The Tenacious Linda Liman (in yellow) on an Herbarium Quest



We are here in Indonesia for a visit to some beautiful botanical gardens, great herbaria and some shrines and temples -- also associated with plants!  Our first stop was the city of Malang -- up on the Tengger Plateau. This used to be a Dutch military colony -- since it is higher and cooler, the Dutch introduced apples and they are still grown today. We lived in Malang in 2008 for about half a year.  It is an area ringed by live volcanoes; Gunung Semeru the large one, nonchalantly puffing away.  Our first little journey on this blog is to a village outside of Malang --- Gunung Kawi.

This is a pilgrimage town for people coming to visit the graves of 2 popular Muslim saints, who are of fairly modern times. They are Mbah Djoego and Iman Soedjono, and they were patriots, war heroes (against the Dutch occupation), farmers/horticulturists and miracle workers.  They were not too successful against the Dutch, but they helped the people in the countryside a lot.

They are said to have brought in some rare horticultural trees, including one called the Cerme,  Dewa Ndaru or  "Tree of God." It is actually a shrub from South America, Eugenia uniflora, another common name is Surniname-cherry. It has a small but sweet, edible fruit. The one planted by Mbah Djoego is watched over  at all times and protected by the shrine keepers --- because it is a magic tree. Pilgrims want to get a leaf or a fruit, wrap it in a bank note and plant it at their home for good luck. Sorry -- no pictures were allowed of this money-tree! People present offerings of flowers at the shrine (an Indonesian custom for visiting most  important memorials, not just religious ones)  -- baskets of roses and scented Ylang-ylang flowers.

An interesting thing about this particular shrine is that it attracts Muslims and non-Muslims alike, because blessings and good fortune are not limited to just a single religion here.  There are some Chinese temples also at this site, not far from the main portal gate to the shrine.  You can get your fortune told at the Ciamsi house  -- knowing Indonesian helps in this situation!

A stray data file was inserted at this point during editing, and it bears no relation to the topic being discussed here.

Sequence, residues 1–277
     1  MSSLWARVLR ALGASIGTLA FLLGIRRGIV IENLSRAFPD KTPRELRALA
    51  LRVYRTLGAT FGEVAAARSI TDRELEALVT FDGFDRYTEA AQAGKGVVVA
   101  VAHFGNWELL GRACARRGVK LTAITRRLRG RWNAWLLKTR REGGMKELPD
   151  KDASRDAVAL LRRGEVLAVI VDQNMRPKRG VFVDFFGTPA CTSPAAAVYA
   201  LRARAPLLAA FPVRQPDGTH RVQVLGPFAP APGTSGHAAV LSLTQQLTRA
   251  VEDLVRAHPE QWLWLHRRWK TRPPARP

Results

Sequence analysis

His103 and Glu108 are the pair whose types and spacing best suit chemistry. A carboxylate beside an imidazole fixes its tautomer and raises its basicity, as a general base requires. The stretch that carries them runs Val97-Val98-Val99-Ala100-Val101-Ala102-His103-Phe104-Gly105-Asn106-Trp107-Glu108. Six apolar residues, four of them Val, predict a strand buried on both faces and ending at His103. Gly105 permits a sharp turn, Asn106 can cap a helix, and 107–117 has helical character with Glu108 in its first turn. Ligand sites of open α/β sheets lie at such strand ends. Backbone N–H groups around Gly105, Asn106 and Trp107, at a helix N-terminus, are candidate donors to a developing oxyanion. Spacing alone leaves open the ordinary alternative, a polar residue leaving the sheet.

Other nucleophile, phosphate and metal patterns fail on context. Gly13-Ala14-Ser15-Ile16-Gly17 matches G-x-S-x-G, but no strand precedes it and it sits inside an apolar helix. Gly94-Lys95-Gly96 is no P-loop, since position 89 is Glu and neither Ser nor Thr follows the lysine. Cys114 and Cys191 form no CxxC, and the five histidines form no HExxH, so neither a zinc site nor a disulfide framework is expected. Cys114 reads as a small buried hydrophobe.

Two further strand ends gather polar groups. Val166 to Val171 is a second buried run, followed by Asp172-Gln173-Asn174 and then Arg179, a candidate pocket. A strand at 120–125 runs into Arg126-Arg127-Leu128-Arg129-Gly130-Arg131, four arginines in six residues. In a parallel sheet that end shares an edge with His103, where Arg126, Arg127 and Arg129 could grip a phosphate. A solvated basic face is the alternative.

Gunung Kawi Portal to shrine of Mbah Djoego and Iman Soedjono.

 The Two Saints Working Together to Spread Good Agricultural Practices

Fragrant Offerings of Roses and Ylang-ylang (Cananga odorata -- in the Pawpaw family, Annonaceae)

The Ciamsi -- where fortunes are read

Inside the Ciamsi.  The red sticks (64 of them standing up in the cylinder) are shaken until one stick falls out from the cylinder.  This number on the stick gives you a fortune.


At Purwodadi: Earlier we saw flowers for prayers, but this time (above) we have a preyer on a flower, a Nelumbo nucifera

Kebun Raya Purwodadi, just outside of Malang, was the first garden I visited in Indonesia when we lived there 7 years ago. We were awed by its beauty, diversity, and the kindness of the people we met there, Esti and Deden Mudiana. Well, some things never change! The herbarium and garden both look better than ever, and Esti, Deden and the entire garden and herbarium staff made us feel like we were right at home.

Here's Garden Director Ken Fitria Clois Indrawardani and Dave, me, Esti and Deden Mudiana
Part of the Purwodadi Seed Collection on Display

Among the Herbarium Heroes: Pak Saniman, Pak Dwi Narko, Bu Fauzia and Bu Novi

But now let's get outside and see some of this fabulous collection of East Javan biodiversity!